If uterine fibroid treatment doesn't sound like much fun to you, we certainly understand the sentiment. The good news is that not all fibroids require treatment. In fact, according to the American Society for Reproductive Medicine, "Fibroids usually do not require treatment because most patients with fibroids do not have symptoms." In addition, University of California San Francisco Health states, "Unless fibroids are causing excessive bleeding, discomfort or bladder problems, treatment usually isn't necessary."
If you have fibroids and choose to follow an approach of watchful waiting, it's important to continue to be medically monitored. During periodic visits, your doctor can review your symptoms, along with performing abdominal and pelvic exams to check in on fibroid and uterine size. Even if your fibroids continue to grow until menopause, this isn't necessarily a sign that intervention is required. Treatment is usually reserved for fibroids that significantly impact quality of life.
If you desire pregnancy in your future, the presence of fibroids may be problematic. However, before panicking, you should understand that most women with fibroids can become pregnant and carry a healthy baby to term. Let's begin with some related statistics. According to a 2012 study in Obstetrics and Gynecology Clinics of North America, "Fibroids are present in 5% to 10% of infertile patients, and may be the sole cause of infertility in 1% to 2.4%." The study also informs us that fibroids can grow quickly during pregnancy, sometimes causing significant pain. After childbirth, fibroids usually shrink back in size.
Other problems that can arise during pregnancy with fibroids include bleeding, miscarriage, placental abruption (when the placenta separates from the uterine walls before delivery), preterm delivery (when a baby is born before 37 weeks), and increased risk for breech birth or cesarean delivery (via WebMD). If you have fibroids and wish to become pregnant, or are already pregnant and develop worsening fibroid symptoms, talk to your doctor about the best options for your individual situation.
Uterine fibroids not only lead to challenging symptoms, they can also cause damage to surrounding organs — the bowel, bladder, kidney, and stomach, for instance. Dr. John C. Petrozza, chief of reproductive medicine and IVF at Massachusetts General Hospital Fertility Center, explains, "If the fibroid is on the underside of the uterus, you could have constipation or pain when defecating" (via Everyday Health).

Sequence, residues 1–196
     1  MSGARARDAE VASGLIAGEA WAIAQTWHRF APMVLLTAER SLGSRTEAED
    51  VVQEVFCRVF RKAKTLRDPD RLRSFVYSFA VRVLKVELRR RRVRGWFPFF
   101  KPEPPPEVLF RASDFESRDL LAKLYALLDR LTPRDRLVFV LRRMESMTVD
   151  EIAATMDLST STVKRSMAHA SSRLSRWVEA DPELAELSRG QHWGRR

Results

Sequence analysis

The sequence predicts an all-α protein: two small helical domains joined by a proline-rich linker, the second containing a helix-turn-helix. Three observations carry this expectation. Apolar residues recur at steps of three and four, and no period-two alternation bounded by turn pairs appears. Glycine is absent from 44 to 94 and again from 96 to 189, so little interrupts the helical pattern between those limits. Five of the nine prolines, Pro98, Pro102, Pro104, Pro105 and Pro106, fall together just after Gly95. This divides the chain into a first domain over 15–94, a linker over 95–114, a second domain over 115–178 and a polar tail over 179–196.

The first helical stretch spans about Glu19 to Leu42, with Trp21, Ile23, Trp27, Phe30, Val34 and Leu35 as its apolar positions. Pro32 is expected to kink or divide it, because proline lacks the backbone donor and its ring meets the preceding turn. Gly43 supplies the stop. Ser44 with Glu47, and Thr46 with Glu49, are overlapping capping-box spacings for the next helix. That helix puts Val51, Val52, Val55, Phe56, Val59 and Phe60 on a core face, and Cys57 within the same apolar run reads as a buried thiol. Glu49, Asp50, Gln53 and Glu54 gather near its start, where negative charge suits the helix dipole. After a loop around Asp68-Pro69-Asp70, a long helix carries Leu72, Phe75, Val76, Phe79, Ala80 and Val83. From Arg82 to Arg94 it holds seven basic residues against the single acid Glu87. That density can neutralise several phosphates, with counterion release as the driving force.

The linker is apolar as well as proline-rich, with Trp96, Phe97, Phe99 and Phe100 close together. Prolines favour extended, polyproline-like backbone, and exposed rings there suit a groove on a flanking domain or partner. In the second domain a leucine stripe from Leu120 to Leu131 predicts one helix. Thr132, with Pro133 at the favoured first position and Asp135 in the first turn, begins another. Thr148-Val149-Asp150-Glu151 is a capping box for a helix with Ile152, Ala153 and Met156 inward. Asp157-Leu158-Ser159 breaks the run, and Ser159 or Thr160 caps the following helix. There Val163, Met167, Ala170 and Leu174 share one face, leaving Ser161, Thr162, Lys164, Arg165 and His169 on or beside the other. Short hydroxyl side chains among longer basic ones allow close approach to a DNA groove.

On the other hand, if your fibroid is growing toward the bladder, you may struggle with frequent urination. And if your ureter (the tube connecting your bladder and kidney) is impacted, urine can back up, causing kidney swelling (hydronephrosis) and damage. Another potential issue can occur when fibroids push on your stomach, making you feel full and experience abdominal swelling. This can lead to weight loss or, in some cases, cause a woman to appear pregnant.
Uterine fibroids can also "change the shape of the uterine cavity," leading to fertility issues. Brigham and Women's Hospital covers some of the reproductive complications that can arise from the presence of fibroids, including miscarriage, infertility, preterm labor, breech presentation, and problems during labor.
Although this isn't as commonly discussed as other effects of fibroids, uterine fibroids can impact your sex life in several ways. To begin with, fibroids can cause pain or discomfort during sex, depending on their size and location (via Fibroid Treatment Collective). Additionally, heavy or lengthy periods can sap your energy, be messy, and not exactly leave you in the right mood for intimacy. If you struggle with frequent urination due to fibroids, this may be distracting at inopportune times. Finally, abdominal bloating or swelling due to fibroids can significantly affect body image and self-esteem. According to the Fibroid Treatment Collective, "A very large fibroid can even cause the uterus to expand to the size equivalent to a pregnancy heading into the 3rd trimester." This could be particularly difficult for women struggling with infertility.
Houston Fibroids covers three ways to make sex with fibroids easier. Along with openly communicating with your partner, they recommend focusing on foreplay so that you will feel relaxed and ready for intercourse. You and your partner can also try experimenting with different positions until you find a comfortable one. It may also be wise to look for alternate ways to connect as a couple when sex is too painful or undesirable. And we want to mention that while sex can be an embarrassing topic for some to discuss with a doctor, we encourage you to do so. Your doctor may be able to provide treatment that will help improve things — just be sure to ask about your full range of treatment options.
Along with causing physical symptoms, uterine fibroids can also impact your emotional health. In fact, according to a 2015 study in the Journal of Psychosomatic Research, "Most participants exhibited a significant emotional response to their fibroids, including fear, anxiety, anger, and depression. Half of the women felt helpless and believed that they had no control over their fibroids. Many women possessed a negative self-image and cited concern over appearing less attractive, which led to difficulties becoming intimate. Several women felt that they lacked substantial support to help them deal with these issues." If you have concerns about your emotional health as a result of fibroids, we encourage you to reach out to your doctor for help.
In addition to the above issues, the vast majority of women with fibroids (90%) have concerns with the fibroid treatments they are offered, according to 2014 research published in American Society for Reproductive Medicine. And women, particularly those who are African American, also feel that they are not being offered their full range of treatment options. If you have similar concerns, consider seeking a second opinion.